TNN Forum by Lionel Neo
The Presbyterian Synod conducted a “New Normal” Forum on the 5th August. This “New Normal” refers to the state of the church during this time of pandemic, with all its challenges and opportunities.
The meeting was well attended by over 60 pastors and ministry workers from various Presbyterian churches. Four salient topics were covered by the speakers: “Transitioning between online and onsite services”, “How do we rethink Church?”, “How to fulfil the Mission of the Church?”, and “What does it mean to be a Presbyterian Church in the way we celebrate Sacrament?”
Reverend Vincent Lee was the moderator of Forum, and began with the exhortation that we should take heart, even in the midst of challenges, for Jesus has ‘overcome the world’, and we should likewise ‘be strong and courageous’ and posture our hearts to tackle this new normal.
The first topic of ‘Transitioning between online and onsite service’ was covered by the Revd Chris Chia from Adam Road Presbyterian Church, Revd Dr Clive Chin from Orchard Road Presbyterian Church, and Revd Dr Steven Gan from Amazing Grace Presbyterian Church.
Rev Dr Chia noted that while it is easy to view our current predicament as one of ‘disruption, dislocation and distress, we should adopt a God-centred view of the circumstances, which leads to ‘fidelity, clarity and durability’. We should not yearn for the restoration of the ‘old normal’, but embark on the paradigm shift of spiritual formation from church to home-based, of professionized ministry/ministers to the priesthood of all believers.
Likewise, Revd Dr Chin talked about the shift that his church had to undergo, from being based on an attractional, come-and-see paradigm, towards a missional one. He noted that communication is the key factor as structures getting decentralized in response to the new normal.
Finally, Revd Dr Steven Gan shared his church’s experience of resuming onsite service in line with government regulations. Despite the various restrictions in place, he mentioned that his church decided to ‘be bold in doing the right thing’, pointing to the scriptural warrant for gathering physically as a church, which was also expressed desire of many in his congregation. While there are challenges involved, such as ensuring a fair allotment of slots, and getting volunteers in terms AV crew or safety ambassadors, he also saw his church members rising up to the occasion.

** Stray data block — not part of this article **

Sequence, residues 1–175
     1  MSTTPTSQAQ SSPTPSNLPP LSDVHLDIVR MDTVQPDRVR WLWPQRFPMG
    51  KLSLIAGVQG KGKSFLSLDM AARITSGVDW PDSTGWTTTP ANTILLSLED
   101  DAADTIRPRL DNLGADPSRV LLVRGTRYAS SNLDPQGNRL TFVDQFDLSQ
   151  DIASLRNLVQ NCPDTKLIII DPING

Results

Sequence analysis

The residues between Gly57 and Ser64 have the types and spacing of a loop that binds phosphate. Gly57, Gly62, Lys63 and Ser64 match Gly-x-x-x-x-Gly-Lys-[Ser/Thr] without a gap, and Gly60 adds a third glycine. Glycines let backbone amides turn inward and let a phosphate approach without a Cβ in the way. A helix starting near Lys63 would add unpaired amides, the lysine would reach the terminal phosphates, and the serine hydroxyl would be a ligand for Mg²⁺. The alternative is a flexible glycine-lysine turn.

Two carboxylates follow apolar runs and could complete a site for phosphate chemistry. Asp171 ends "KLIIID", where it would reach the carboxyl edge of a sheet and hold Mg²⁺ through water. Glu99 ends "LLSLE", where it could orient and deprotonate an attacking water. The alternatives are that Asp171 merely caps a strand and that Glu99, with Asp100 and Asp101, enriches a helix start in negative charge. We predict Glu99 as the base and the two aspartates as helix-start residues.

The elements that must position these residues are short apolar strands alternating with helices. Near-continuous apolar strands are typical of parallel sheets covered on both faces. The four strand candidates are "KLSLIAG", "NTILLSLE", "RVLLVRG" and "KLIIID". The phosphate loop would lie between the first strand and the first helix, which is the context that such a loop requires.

The next topic was covered by Revd Peter Chan, on ‘How do we rethink Church?’. Revd Chan noted the influence of the church growth movement in America, which has led to the corporatisation of the church and a glamorization of the worship music experience. The ‘new normal’ is time for church to return to “simple and straightforward spirituality” – discipleship and doing good works. He noted that the role of the small group leader, as under-shepherds, have become more crucial than ever, and reminded the attendees that Jesus too had dismissed the crowds to focus on teaching the disciples.
The next topic covered was on ‘How to fulfil the mission of the church?’ during this time of pandemic. Revd Chris Chia launched off this topic, noting that COVID-19 has posed questions on our regular modes of evangelism, which tends to be only the passion and focus of a few, and based around one-off events. Revd Dr Chia noted that evangelism should be one of the expressions of a lifestyle of discipleship – it should be spontaneous and person to person.
Next, Revd Keith Lai introduced two ministries in his church (Covenant Presbyterian Church) that have been involved in during this season of COVID-19.
The first was the Sri Lankan, or migrant workers ministry, which was covered by Preacher Susantha. COVID-19 gave this ministry new opportunities in reaching out to Sri Lankan students who were stranded in hostels and unable to return. These individuals were reached out to with pastoral visitations and financial support. As physical church service has stopped, his ministry also had to transition to online services/prayer meetings, and pastoral support via phone calls.